Swiss Court Upholds Right of Palestine Solidarity Action to Hang Posters in Train Stations

Wednesday, 13 April 2011 11:29 Tania Kepler for the Alternative Information Center (AIC)

The Swiss Federal Administrative Court has ruled that SBB, the national rail service, violated freedom of speech of the Palestine Solidarity Action group when it refused to allow the group to hang posters.

zurich_train_station

Main train station in Zurich, where a Swiss court says Palestine Solidarity Action may hang posters

 

The Palestine Solidarity Action first put up posters in several locations in the main Zurich train station in 2009. The posters stated things like “ Sixty-one years of Israel, 61 years of injustice,” and “Israel was established with violence on Palestinian land. The injustice demands resistance!”

After three days, the group was ordered by the station’s management to remove the signs, and were told they could not hang up their material.

The Palestine Solidarity Action group did now allow this discrimination to go unnoticed, and appealed to the Federal Administrative Court in Berne, claiming the measure violated their freedom of speech.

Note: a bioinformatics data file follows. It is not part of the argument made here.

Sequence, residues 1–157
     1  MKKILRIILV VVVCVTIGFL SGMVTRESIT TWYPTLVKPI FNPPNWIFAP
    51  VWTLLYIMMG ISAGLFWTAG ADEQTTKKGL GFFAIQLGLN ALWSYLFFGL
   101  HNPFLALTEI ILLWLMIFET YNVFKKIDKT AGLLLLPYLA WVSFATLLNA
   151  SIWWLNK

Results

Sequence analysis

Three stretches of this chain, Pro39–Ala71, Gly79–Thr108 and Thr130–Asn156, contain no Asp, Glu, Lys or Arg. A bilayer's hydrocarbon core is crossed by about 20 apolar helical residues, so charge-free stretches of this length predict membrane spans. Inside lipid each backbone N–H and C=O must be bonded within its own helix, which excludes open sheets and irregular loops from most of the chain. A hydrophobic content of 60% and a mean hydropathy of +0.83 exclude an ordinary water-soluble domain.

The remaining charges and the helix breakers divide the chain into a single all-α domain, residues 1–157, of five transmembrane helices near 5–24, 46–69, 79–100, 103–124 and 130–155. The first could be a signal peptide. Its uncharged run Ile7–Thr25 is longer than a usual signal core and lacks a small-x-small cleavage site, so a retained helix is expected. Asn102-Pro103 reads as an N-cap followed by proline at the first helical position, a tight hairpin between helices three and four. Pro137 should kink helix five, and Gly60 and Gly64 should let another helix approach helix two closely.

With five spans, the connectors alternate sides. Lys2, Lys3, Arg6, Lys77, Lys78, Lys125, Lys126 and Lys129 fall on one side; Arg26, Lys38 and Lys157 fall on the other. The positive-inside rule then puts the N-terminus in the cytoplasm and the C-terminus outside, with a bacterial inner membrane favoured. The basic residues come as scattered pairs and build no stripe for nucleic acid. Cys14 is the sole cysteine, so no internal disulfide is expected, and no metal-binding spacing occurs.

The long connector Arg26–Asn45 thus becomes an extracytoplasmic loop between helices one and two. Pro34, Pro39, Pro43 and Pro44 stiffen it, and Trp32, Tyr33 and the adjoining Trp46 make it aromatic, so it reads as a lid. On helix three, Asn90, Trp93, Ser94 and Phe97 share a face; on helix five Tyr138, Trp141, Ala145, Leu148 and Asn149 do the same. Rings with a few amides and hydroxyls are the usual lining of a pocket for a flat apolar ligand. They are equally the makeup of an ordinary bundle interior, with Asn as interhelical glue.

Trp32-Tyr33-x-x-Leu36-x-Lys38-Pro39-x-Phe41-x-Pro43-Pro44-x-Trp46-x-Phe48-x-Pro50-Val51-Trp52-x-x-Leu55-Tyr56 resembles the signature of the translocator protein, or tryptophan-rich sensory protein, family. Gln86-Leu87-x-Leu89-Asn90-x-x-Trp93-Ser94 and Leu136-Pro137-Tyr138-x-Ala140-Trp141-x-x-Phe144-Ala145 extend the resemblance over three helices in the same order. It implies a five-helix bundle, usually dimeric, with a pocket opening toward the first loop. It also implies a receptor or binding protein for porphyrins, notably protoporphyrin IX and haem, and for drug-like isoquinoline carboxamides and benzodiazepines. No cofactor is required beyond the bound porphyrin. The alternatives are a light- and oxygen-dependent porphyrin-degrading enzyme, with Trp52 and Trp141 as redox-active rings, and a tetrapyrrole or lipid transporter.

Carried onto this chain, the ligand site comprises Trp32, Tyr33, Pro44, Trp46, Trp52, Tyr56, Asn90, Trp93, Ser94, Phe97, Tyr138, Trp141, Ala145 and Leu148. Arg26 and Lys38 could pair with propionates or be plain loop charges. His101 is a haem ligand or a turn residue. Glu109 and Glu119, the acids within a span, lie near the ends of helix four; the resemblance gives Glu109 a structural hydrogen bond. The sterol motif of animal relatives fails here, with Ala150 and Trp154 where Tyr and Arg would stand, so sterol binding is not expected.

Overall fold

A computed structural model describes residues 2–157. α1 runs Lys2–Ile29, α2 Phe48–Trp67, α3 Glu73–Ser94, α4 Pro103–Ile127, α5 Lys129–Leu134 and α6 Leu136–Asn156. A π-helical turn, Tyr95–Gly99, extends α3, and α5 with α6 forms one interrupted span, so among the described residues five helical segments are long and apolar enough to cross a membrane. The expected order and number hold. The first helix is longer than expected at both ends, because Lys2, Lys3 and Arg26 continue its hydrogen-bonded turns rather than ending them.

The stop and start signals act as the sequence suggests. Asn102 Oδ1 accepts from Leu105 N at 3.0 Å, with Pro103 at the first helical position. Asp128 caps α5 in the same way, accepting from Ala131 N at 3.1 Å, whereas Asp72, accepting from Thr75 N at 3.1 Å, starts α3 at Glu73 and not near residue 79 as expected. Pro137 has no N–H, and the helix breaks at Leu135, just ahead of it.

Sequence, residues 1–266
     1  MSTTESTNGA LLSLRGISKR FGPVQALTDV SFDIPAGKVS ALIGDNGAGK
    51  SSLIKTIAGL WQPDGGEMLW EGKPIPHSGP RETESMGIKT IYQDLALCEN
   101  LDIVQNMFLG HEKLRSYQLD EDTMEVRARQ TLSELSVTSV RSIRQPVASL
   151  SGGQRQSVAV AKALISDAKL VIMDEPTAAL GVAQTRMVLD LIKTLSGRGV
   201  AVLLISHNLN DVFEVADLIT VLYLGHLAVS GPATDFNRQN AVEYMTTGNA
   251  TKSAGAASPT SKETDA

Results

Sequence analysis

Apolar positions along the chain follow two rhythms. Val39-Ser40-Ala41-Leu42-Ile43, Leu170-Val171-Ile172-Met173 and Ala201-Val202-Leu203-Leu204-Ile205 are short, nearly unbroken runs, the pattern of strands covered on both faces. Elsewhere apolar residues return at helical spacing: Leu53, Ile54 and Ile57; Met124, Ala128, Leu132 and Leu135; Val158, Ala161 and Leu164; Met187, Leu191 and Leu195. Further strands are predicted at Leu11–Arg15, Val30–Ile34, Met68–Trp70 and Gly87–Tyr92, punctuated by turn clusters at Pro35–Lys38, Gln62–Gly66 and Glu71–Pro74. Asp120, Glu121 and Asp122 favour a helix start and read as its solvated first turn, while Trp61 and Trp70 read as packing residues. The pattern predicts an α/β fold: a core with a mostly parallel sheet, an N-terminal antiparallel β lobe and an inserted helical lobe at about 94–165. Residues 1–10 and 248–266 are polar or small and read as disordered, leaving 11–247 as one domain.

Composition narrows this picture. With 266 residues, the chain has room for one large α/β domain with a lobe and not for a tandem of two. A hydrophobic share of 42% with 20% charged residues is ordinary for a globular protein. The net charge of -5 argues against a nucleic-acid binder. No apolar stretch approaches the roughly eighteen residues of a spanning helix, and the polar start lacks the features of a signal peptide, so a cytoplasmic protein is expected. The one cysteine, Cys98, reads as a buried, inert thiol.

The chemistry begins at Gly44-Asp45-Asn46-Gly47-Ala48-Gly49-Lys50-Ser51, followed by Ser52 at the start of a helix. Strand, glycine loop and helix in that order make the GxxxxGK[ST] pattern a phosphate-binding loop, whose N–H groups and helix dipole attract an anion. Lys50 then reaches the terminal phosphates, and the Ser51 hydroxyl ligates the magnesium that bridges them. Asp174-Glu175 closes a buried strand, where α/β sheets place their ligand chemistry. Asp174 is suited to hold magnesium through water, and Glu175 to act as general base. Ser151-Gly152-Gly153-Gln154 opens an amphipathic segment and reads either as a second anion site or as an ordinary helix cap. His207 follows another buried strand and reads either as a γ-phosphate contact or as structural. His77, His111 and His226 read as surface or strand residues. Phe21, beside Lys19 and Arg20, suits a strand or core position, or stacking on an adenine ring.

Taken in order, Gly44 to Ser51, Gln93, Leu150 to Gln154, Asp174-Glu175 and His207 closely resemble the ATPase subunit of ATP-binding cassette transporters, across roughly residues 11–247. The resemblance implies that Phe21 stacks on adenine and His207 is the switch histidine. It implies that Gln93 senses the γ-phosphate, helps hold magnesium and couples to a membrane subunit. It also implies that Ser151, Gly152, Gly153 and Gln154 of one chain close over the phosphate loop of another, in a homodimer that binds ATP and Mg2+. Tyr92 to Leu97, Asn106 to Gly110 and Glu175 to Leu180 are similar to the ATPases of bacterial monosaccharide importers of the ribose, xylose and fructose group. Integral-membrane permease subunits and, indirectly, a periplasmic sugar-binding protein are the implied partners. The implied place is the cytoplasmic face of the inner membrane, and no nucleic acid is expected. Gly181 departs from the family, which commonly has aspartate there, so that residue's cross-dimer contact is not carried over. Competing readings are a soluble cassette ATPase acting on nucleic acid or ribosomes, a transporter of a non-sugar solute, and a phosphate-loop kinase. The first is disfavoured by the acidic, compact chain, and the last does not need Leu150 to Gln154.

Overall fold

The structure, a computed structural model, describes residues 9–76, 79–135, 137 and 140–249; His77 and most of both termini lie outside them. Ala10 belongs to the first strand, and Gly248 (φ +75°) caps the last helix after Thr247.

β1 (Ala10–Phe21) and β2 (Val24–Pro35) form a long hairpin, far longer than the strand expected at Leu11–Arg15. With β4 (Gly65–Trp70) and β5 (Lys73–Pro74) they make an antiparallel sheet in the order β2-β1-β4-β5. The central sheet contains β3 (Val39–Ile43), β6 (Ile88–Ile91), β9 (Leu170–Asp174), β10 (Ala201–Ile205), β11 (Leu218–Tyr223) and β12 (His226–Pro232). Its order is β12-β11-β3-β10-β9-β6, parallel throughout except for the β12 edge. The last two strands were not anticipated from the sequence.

The court has ruled in favor of the activists and ordered that SBB allow the group to distribute their materials.

According to the Swiss newspaper Tages Anzeiger, SBB, the Swiss train service, argued in court that its policy prohibits the distribution of materials on sensitive foreign affairs issues. The court rejected the claim, stating that a train station is a public place and as such, it is a place for exchange of opinions. By banning the posters, the judges asserted, the station prevented citizens from being exposed to different opinions on international affairs.

The court said the posters, while controversial, did not pose a risk to railway operation or public safety, also noting that they did not include graphic pictures, and did not incite to violence or other illegal activity. “Resistance does not mean violence,” they said.

The Federal Railways now has 30 days to appeal the decision.

Source

Comments are closed.

%d bloggers like this: